Ancient Monuments

History on the Ground

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Stone alignment, 900m south-west of Holystone Grange

A Scheduled Monument in Harbottle, Northumberland

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Latitude: 55.295 / 55°17'42"N

Longitude: -2.0686 / 2°4'7"W

OS Eastings: 395739.697776

OS Northings: 600102.214927

OS Grid: NT957001

Mapcode National: GBR F7Z6.YP

Mapcode Global: WHB0V.656L

Entry Name: Stone alignment, 900m south-west of Holystone Grange

Scheduled Date: 26 November 1932

Last Amended: 27 January 1994

Source: Historic England

Source ID: 1009448

English Heritage Legacy ID: 20954

County: Northumberland

Civil Parish: Harbottle

Traditional County: Northumberland

Lieutenancy Area (Ceremonial County): Northumberland

Church of England Parish: Upper Coquetdale

Church of England Diocese: Newcastle


The monument is a stone alignment, known locally as The Five Kings, situated
on south-east sloping moorland, beneath a craggy outcrop. The alignment
includes four substantial stones situated in a slight arc from south-west to
north-east. The stones are located 4m, 7m and 6m apart and are 2m, 1.3m, 1.6m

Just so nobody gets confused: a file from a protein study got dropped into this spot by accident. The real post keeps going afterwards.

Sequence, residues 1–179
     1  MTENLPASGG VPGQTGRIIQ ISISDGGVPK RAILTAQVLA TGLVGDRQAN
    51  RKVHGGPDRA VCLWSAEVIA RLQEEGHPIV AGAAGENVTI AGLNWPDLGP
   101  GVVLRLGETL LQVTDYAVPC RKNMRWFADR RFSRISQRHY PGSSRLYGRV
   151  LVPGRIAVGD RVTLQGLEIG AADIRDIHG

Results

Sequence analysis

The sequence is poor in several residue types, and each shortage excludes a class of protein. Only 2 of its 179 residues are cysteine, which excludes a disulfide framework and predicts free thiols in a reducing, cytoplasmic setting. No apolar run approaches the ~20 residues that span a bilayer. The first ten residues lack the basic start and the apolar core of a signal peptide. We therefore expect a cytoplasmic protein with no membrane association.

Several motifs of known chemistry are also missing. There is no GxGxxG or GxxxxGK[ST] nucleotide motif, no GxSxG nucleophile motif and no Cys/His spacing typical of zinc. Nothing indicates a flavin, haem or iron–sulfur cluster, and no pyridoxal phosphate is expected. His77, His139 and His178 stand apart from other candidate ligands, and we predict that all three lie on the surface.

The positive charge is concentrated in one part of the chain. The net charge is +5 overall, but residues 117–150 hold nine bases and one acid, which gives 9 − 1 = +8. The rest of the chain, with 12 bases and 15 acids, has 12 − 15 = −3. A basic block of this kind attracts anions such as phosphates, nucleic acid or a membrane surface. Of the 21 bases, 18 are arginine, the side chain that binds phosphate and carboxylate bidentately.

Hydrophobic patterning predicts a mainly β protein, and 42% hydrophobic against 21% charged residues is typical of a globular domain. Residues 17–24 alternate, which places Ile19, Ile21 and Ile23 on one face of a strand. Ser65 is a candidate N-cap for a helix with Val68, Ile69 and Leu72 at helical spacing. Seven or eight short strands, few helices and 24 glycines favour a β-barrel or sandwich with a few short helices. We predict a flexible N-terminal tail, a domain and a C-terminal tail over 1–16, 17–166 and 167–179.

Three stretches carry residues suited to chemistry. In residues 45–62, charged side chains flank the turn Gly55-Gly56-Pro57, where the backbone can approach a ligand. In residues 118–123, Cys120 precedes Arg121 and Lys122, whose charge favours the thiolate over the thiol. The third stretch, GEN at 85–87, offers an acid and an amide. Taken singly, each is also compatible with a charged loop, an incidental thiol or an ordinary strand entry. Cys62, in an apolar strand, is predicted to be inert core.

and 2.2m high. A fifth stone which completed the alignment was situated 7m
beyond the fourth but was removed earlier this century; the site of this stone
is also included in the scheduling. Local tradition says that the five stones
represent five brothers who owned adjacent areas of land.

The site of the monument is shown on the attached map extract.
It includes a 2 metre boundary around the archaeological features,
considered to be essential for the monument's support and preservation.

Source: Historic England

Reasons for Scheduling

Stone alignments or stone rows consist of upright stones set in a single line,
or in two or more parallel lines, up to several hundred metres in length. They
are often sited close to prehistoric burial monuments, such as small cairns
and cists, and to ritual monuments, such as stone circles, and are therefore
considered to have had an important ceremonial function. Stone alignments were
being constructed and used from the Late Neolithic period to the Middle Bronze
Age (c.2500-1000 BC) and provide rare evidence of ceremonial and ritual
practices during these periods. Due to their rarity and longevity as a
monument type, all examples that are not extensively damaged will be
considered worthy of protection.

The stone alignment near Holystone Grange is very well preserved and is a fine
example of a prehistoric stone monument. It is the only surviving example in
the county and will contribute to any study of prehistoric settlement and
activity in Northumberland.

Source: Historic England


Books and journals
Dixon, D D, Upper Coquetdale, (1903), 122-123
Tomlinson, W W, Comprehensive Guide to Northumberland, (1916), 344
NT 90 SE 03,

Source: Historic England

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